Friday, October 4, 2013

Low Water Pressure in Your Home is an Easy Fix


There can be several reasons why you have low water pressure in your home. In older houses the most common cause is clogged pipes that have built up residue over the years making it difficult for water to pass through.  In this case it is sometimes better to replace the plumbing altogether; especially if the home has the old metal water pipes.

Another reason that the water flow in a home is limited could be nothing more than the fact that the main shutoff valves near the water meter are not fully opened. That’s the first thing you should check. There’s no sense in paying for a service call from your local plumber is this is the only problem.

If you have newer plumbing in your home and the valves are turned on fully than it is time to test exactly how much water pressure you have. You can ask your local water department to test if for you or you can purchase a water pressure gauge at the nearest home improvement store and do it yourself. Satisfactory water pressure should be between 45 – 55 psi (pounds per square inch). The easiest way to test it is to simply attach the gauge to an outside spigot and turn on the water. If the pressure outside is low than you know immediately that the plumbing is not the problem; the water coming into your home from your water department is.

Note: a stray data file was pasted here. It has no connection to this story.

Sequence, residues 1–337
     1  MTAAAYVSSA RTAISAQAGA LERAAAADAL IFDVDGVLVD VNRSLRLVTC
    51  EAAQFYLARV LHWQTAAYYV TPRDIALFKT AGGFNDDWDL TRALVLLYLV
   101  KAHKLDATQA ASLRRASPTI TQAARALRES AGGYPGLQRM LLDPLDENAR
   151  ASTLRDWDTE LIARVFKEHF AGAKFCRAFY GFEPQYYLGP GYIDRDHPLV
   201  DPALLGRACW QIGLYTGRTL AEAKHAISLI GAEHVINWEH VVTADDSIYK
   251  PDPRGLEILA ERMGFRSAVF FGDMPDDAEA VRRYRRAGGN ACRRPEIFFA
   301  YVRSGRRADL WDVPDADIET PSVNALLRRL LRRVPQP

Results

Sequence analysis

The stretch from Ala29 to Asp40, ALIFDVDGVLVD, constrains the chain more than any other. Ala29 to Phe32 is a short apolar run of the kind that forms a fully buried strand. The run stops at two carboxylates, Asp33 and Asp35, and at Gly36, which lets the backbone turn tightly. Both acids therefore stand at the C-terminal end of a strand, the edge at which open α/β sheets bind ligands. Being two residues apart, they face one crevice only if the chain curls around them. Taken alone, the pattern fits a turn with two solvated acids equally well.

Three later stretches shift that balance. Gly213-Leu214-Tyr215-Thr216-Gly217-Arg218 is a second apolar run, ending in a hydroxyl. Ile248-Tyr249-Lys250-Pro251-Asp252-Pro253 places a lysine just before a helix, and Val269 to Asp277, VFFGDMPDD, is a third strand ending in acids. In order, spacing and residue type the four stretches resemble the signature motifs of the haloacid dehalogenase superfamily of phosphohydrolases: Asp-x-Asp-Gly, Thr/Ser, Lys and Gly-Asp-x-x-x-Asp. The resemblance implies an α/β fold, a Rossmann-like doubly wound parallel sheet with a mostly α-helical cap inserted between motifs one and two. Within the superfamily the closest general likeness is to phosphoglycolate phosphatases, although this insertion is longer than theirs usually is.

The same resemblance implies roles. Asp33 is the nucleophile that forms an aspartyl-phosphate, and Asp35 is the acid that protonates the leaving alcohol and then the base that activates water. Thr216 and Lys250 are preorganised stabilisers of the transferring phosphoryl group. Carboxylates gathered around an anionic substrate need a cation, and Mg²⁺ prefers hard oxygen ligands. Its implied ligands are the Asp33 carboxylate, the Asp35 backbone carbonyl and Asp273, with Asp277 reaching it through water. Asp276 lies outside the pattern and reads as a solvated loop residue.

In some cases your provider can actually boost the pressure for you but many times they cannot. If this is the case then you can solve the problem by installing a water pressure booster system. You can buy one starting around $300 and that’s not a bad price considering how inconvenient low water pressure can be when taking a shower or doing the dishes. You can buy systems at your local home improvement center, plumbing supply stores or online.

One word of warning: DO NOT increase your water pressure more than 80 psi. Most plumbing fixtures cannot handle any pressure higher than that and eventually the washers on your plumbing fixtures will wear out and begin leaking. Too much pressure will also place excessive strain on your plumbing and could cause problems. You will find that levels around 45 – 50 psi will be more than sufficient for most people. It is also possible that your municipality may require you to install a reduced pressure and backflow preventer so it’s best to check with them before installing your new booster system.



2 comments:

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    ReplyDelete